The house is an older one in Salt Lake City. The exterior is beautiful, the landscaping immaculate, but inside is an entirely different story. The 1970’s home has rooms that are too small, walls that simply need to go, and flooring that needs to be either refreshed or replaced.
The owners are ready. They have drawn plans, connected with contractors, and the work is about to begin. However, there is one small detail they have not yet figured out: they still have to live somewhere, and the work will be ongoing for a few months. How do they cope with their remodeling project?
Sound familiar? If you are going to undertake any kind of a facelift for your aging home, whether that is on the outside, inside, or both you need to come up with a plan. What will your strategy be for coping with your remodeling project? Here are a few tips:
Determine the Schedule
Since you are already undergoing the expense of a remodel, you probably can’t afford to live somewhere else for three months in addition to this. So instead of throwing up your hands and surrendering to chaos, instead determine a schedule.
Have the remodelers do one section or room at a time, so that you still have livable space and can function. Set a daily schedule that works around when you will be at work or otherwise occupied so you can be out of the house while work is going on. When setting this schedule, keep your neighbors in mind as well.
Trucks coming and going, tools running, and men working are not the most pleasant things to wake to. Make sure the schedule keeps noise to a minimum either early or late.
Protect your Stuff
If contractors will be working in your living areas or where you have a lot of furniture, you will need to come up with a plan to protect it. Simply putting it in your garage may not be the best options. Contractors will be coming in and out, and unexpected damage can occur. In the meantime, you may want to rent a space for storing your furniture and other items until the work is done.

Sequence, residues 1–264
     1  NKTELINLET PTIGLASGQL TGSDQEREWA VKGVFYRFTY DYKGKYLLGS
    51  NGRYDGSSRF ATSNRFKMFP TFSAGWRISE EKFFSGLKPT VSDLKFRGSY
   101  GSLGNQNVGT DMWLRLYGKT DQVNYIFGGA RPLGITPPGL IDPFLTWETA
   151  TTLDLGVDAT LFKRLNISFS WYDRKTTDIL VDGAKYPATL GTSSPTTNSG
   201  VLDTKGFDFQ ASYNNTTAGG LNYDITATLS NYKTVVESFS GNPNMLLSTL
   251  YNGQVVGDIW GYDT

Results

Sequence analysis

Think of these same factors for protecting and storing art, electronics, and more. The most careful of contractors still create dust and other debris as part of their process, and it can’t be prevented entirely> Even if they clean up thoroughly, art and other valuables can be susceptible to these things.
In some cases, you can get away with using heavy drop cloths or other covers instead of resorting to storage, but it is up to you to determine which of your items, if any, can endure your remodel and remain in your home. Often renting a storage area temporarily is worth it for the peace of mind it provides.
Make an Eating Plan
At some point, the kitchen is probably on your remodel list. However, you still have to eat, and going out every night can be both expensive and not the healthiest. If you can, you should develop an eating plan while your remodel continues.
- Put a Microwave in an Intact Room: If you have a spare bedroom or even room in the master, put a microwave and cart there so that you can heat up food when needed.
- Pre-Make Meals or Buy Pre-Made Healthy Food: Prepare food before the kitchen is torn apart that you can heat up easily in a microwave or even just using a hotplate. Be sure to make enough to last the duration of the remodel.
- Have A Refrigerator, Freezer, or Both In The Garage That You Can Live Out Of Temporarily: A place to store your food is as important as having the food ready. If you are getting rid of or selling your old appliances and having them replaced, keep them in the garage until the remodel is complete, and then get rid of them.
- Have a Coffee Plan: If you are a coffee drinker, you need to have both a source of water and electricity where you can make coffee. Even if that is in your bedroom, using that as a temporary location works.
- Treat Yourself to a Night Out Occasionally: All that food prep and pre-made food can get old after a while. Treat yourself to a night out and a good meal a couple of times a week until the kitchen is done can really help your mood.
Having a food plan is one of the most important things to consider when coping with a remodel, as it is something you do more than once a day.
Going through a remodel is like moving, sometimes like moving twice or three times in a single project. It can be stressful, but in the end the results can be well worth the time, effort, and expense. Just make sure you have a plan for coping before the first hammer is swung.